Dylan is Inspiration for ASO Concert and Art Exhibition

Dylan is Inspiration for ASO Concert and Art Exhibition

ASO Finale

Where Does the Music Take You,? the theme of the Alexandria Symphony Orchestra’s (ASO) 2003-2004 Season, has provided a stimulating question for its audiences to consider.

Under the baton of Maestro Kim Allen Kluge, ASO has motivated its audiences from Passion, Adventure, and Dreams to Transcendence and, now, Rebirth: Freedom and the Common Man. The Orchestra has challenged its patrons to stretch their imaginations to grasp the combined expressions of visual and performing arts.

In the season finale on Saturday, May 22, 8 p.m., at the Rachel M. Schlesinger Concert Hall and Arts Center, Maestro Kluge and the Alexandria Symphony Orchestra will conclude the series with a concert exploring the American ideals of freedom and the common man.

This performance will feature the Washington metropolitan premiere of Mr. Tambourine Man: Seven Poems of Bob Dylan, by Academy Award and Pulitzer Prize winning composer, John Corigliano.

“I had always heard of the high regard accorded the folk-ballad singer/songwriter Bob Dylan,” Corigliano writes of his initial inspiration for the work. “So I bought a collection of his texts, and found many of them to be every bit as beautiful and as immediate as I heard – and surprisingly well-suited to my own musical language.  I wanted to make poetry I knew to be strongly associated with popular art and readdress it in terms of concert art – crossover in the opposite direction, one might say.”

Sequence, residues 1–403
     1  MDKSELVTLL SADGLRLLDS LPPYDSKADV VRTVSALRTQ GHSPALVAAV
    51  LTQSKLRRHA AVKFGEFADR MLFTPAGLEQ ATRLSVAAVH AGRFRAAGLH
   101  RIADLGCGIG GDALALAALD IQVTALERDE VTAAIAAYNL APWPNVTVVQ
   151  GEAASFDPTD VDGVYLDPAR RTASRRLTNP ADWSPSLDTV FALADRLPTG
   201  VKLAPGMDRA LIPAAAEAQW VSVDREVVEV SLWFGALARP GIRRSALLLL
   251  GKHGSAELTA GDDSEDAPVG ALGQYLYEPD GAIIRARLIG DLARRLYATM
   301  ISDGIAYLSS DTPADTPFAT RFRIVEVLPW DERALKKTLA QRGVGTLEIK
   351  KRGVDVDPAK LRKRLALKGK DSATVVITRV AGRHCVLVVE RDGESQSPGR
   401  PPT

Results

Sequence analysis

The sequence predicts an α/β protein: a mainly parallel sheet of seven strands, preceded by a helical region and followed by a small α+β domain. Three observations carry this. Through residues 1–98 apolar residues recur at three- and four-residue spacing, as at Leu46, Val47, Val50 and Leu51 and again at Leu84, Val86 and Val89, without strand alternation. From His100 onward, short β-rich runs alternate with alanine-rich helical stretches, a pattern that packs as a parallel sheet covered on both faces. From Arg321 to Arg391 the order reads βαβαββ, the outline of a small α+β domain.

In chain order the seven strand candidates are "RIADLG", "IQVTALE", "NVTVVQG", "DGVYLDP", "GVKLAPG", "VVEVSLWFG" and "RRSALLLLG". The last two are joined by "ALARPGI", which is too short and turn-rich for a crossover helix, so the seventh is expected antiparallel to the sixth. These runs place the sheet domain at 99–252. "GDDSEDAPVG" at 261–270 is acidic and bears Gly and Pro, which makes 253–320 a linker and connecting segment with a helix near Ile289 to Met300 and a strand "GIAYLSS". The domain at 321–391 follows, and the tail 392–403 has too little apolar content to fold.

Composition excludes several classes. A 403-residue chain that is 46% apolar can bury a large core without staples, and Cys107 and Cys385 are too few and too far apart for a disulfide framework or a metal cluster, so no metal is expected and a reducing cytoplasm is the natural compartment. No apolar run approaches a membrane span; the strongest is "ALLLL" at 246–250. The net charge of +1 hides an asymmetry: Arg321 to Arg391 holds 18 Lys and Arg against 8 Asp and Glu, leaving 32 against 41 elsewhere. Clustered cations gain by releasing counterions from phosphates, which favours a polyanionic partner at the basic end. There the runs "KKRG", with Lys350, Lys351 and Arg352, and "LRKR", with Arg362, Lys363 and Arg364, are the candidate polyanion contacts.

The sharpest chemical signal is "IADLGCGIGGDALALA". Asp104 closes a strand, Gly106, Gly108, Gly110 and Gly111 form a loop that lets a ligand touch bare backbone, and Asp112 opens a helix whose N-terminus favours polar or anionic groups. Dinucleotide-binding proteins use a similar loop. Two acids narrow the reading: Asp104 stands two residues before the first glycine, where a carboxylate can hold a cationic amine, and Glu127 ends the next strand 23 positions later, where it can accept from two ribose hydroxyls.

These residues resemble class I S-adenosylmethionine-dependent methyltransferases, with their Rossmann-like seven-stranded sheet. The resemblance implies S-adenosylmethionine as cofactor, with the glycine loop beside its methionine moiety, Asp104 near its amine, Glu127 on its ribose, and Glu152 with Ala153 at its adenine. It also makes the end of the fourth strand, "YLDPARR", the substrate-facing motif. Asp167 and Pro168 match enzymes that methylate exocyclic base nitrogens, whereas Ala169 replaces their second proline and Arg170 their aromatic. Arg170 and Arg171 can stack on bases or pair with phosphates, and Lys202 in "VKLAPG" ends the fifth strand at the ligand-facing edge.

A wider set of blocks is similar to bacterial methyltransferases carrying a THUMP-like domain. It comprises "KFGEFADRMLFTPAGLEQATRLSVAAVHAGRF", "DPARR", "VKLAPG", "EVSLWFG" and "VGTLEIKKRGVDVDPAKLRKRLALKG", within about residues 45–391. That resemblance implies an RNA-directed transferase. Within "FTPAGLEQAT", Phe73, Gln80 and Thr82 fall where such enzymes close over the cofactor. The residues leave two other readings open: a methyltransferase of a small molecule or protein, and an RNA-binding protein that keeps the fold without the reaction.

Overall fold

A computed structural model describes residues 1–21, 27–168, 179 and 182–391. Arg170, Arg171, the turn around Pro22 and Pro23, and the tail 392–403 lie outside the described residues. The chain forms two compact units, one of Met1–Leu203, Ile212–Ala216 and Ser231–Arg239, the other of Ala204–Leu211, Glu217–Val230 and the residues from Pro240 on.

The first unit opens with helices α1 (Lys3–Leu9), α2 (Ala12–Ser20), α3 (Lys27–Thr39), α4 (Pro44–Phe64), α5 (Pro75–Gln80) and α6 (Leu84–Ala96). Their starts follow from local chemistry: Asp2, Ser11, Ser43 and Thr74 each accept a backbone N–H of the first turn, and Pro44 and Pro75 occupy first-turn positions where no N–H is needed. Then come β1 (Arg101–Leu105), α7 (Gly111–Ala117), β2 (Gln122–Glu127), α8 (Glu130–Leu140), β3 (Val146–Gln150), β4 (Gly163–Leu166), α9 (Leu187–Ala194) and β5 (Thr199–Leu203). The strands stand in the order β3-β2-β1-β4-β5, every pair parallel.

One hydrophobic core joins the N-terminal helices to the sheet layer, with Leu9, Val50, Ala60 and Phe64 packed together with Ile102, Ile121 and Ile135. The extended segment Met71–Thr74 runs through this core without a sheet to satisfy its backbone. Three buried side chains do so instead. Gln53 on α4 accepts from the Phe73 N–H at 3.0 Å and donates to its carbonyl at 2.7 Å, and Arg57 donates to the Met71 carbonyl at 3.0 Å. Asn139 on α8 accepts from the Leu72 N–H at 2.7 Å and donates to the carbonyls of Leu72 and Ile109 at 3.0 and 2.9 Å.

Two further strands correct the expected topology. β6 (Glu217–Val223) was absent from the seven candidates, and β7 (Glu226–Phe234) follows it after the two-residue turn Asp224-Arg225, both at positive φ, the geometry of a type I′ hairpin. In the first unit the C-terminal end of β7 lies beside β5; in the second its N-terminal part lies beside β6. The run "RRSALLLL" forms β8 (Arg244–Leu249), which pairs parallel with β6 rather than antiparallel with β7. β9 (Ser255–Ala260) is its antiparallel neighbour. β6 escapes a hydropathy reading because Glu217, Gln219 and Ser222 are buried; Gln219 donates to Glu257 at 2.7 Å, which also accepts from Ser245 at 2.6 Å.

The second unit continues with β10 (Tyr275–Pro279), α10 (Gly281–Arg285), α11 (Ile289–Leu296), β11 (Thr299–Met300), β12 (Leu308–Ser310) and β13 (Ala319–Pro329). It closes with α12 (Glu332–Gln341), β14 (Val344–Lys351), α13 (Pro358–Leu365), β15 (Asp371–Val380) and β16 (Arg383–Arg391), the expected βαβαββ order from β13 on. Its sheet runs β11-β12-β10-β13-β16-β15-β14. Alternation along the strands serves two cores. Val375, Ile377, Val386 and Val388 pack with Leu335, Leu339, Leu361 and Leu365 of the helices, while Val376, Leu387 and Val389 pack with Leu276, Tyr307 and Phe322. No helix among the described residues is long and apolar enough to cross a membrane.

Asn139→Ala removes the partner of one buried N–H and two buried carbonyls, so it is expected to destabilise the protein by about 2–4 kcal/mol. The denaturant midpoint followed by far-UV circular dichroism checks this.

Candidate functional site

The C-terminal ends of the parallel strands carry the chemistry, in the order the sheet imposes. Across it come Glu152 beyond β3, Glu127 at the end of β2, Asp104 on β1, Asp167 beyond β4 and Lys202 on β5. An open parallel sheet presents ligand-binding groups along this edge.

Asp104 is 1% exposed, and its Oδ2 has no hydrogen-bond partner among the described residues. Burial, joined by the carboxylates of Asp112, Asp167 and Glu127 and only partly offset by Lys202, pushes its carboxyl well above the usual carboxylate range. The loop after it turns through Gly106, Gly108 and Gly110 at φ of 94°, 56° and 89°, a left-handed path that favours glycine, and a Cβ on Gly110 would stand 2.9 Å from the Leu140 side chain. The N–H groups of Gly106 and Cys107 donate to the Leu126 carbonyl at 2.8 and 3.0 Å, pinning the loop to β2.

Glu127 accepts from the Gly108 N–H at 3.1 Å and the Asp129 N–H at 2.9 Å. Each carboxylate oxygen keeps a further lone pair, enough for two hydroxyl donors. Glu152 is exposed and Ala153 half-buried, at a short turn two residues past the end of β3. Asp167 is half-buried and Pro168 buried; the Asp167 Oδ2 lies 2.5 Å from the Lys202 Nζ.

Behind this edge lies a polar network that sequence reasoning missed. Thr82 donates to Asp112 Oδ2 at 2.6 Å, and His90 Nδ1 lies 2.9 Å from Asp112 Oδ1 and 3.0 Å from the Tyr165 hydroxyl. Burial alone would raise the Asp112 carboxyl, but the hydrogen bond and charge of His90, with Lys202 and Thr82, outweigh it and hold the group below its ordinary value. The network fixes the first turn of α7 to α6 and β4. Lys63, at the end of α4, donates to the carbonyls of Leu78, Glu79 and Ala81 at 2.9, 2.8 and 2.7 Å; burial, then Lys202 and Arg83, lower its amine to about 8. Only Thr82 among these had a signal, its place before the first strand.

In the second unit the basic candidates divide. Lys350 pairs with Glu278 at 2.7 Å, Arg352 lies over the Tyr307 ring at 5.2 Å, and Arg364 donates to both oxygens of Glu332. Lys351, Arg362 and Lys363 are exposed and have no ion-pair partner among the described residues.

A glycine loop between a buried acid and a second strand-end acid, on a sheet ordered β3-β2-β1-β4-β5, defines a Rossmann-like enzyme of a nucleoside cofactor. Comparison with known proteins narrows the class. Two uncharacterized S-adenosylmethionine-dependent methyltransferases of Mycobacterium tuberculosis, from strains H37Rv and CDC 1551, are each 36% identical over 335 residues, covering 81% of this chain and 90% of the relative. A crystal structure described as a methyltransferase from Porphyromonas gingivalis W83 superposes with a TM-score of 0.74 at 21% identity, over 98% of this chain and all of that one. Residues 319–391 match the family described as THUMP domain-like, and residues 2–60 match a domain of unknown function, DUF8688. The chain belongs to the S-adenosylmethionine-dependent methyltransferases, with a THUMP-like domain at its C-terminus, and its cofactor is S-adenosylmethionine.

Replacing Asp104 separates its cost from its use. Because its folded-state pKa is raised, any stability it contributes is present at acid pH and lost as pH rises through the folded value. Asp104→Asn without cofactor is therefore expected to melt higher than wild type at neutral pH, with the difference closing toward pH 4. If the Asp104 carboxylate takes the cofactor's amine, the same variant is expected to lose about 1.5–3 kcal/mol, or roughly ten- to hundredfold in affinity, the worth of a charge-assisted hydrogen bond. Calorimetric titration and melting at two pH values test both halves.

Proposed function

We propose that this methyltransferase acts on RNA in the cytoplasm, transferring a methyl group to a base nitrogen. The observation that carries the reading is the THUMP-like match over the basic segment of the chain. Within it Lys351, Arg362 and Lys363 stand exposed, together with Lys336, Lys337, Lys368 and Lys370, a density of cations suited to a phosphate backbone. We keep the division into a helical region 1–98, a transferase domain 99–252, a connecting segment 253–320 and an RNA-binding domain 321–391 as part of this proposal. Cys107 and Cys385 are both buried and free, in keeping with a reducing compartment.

SOPRANO Sharon Christman, will sing Corigliano’s song cycle, based on Dylan’s texts, in this regional premiere performance. The soprano is noted for her role as Queen of the Night in Mozart’s Magic Flute, for which she made her Metropolitan Opera debut.

The Rebirth: Freedom and the Common Man concert also includes the much acclaimed National Men’s Chorus who will perform in Testament to Freedom by Randall Thompson. The words of Thomas Jefferson provide the text for this patriotic piece written during WWII.

Since their founding by Artistic Director Thomas Beveridge, the chorus is known for its performances of classical literature arranged for men’s voices. Rounding out this musical tribute to American ideals, the orchestra will perform Aaron Copland’s stimulating Fanfare for the Common Man and conclude with his Appalachian Spring.

WETA’s Around Town Peter Fay will explore the meaning of rebirth, freedom, and the common man at his Concert Conversations at 7 p.m. In the Schlesinger Concert Hall lobby at 6:30 p.m., artists from The Art League and Torpedo Factory Art Center will exhibit their work inspired by the music and theme of Rebirth: Freedom and the Common Man.